Welcome to February. It can be a dreary month, often cold and grey, with either rain or snow depending on where you live in the Southwest. Time for some bright color to ease our heart!
Ease Your Heart
So here is the good news – February is the month we can easily grow one of the most heart-easing and cheerful flowers on the face of the earth – heartease. “Heartease” is one common name for Viola tricolor, best known as one of the mothers of the pansy. The simple beauty and delightfully friendly tricolored faces of heartease, pansies, and violets have long been admired by poets, artists, lovers, and cooks!
For cool weather you can’t beat pansies and their kin. And while plant breeders have bread for more cold tolerance, they have not been able to make pansies more heat tolerant. So these plants are something to enjoy now, and then replace with a warm weather annual later, once the days heat up.
For Valentine’s Day, consider a pot of these lovely flowers for your sweetheart. If you live in a cooler part of the Southwest, they will grow inside for a month or two until you can plant them outside. Just give them ample light and not too much water.
How to Grow Pansies
Compact and low growing, pansies are ideal for edging and for squeezing in between rock walls and paths. They are wonderful in containers, nicely complementing spring-flowering bulbs like daffodils. Ideal because after the daffodils fade the pansies will bloom on.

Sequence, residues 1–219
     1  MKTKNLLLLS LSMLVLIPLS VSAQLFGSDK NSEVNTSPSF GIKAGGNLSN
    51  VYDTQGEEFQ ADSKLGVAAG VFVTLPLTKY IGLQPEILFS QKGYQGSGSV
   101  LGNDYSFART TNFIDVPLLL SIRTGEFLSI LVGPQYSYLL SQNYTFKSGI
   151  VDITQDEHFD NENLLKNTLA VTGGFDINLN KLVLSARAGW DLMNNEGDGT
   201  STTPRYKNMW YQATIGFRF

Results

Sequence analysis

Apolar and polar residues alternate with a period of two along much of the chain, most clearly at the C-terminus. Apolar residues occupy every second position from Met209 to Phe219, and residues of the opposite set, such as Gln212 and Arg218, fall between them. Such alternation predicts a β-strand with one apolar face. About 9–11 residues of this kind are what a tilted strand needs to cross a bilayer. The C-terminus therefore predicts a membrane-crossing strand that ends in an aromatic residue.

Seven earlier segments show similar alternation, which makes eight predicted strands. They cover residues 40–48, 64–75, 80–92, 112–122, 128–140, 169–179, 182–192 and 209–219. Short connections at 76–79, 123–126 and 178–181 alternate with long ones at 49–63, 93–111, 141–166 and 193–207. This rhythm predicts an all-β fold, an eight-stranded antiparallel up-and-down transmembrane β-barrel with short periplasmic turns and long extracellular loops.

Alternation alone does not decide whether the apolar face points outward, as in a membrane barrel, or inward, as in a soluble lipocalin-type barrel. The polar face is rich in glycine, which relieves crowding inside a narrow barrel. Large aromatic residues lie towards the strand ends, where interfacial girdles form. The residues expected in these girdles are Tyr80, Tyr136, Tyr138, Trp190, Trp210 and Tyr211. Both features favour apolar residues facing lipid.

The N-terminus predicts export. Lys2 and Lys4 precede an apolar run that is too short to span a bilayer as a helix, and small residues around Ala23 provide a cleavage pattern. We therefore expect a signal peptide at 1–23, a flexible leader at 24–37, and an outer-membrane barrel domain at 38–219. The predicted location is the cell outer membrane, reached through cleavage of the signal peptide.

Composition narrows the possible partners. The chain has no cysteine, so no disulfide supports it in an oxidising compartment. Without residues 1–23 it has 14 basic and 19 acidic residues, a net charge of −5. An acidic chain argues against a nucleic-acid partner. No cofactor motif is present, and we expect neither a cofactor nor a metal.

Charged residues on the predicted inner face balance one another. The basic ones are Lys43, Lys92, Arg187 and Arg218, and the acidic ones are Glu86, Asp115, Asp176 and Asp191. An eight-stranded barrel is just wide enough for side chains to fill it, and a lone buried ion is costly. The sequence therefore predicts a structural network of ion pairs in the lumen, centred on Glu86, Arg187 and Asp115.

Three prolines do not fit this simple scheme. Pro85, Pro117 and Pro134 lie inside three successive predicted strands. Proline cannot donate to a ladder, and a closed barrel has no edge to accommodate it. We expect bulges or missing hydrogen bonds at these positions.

Light. Pansies bloom best in 6 hours of full winter sun. In desert gardens, growing them in containers helps prolong bloom because you can move them into part shade as the sun heats up.
Soil. Pansies are not considered fussy plants. They grow best in loose, rich soil with an acid pH around 6.0. Since our Southwest soils tend to be alkaline (pH around 8.0), this again points to growing them in containers with potting soil.
Remember I said the flowers are edible? I am writing about pansies as food for my food site this week, SavortheSW, and this link should work.
I put my containers of pansies up on a table with metal legs so the critters can’t climb up and eat my plants. This also helps rise these charmers up to where I can easily see them and enjoy their beauty. Harvest them too, when I’m making a dinner salad. Unfortunately if you have many quail in your neighborhood, the cute ruffians may find your pansies and enjoy a dinner salad themselves.
A Valentine’s Day Pansy Poem
Pansies come in red,
and yellow, violet, and blue
Their blooms are so sweet,
Just like you!
Cover photo courtesy of Wave Gardening.
If you live in Arizona, please come to one of my lectures that I mention on my Facebook page. After each event I will be signing copies of my books, including Month by Month Gardening for Arizona, Nevada, and New Mexico (Cool Springs Press). This link is to Amazon and if you buy the book there we may get a few pennies.
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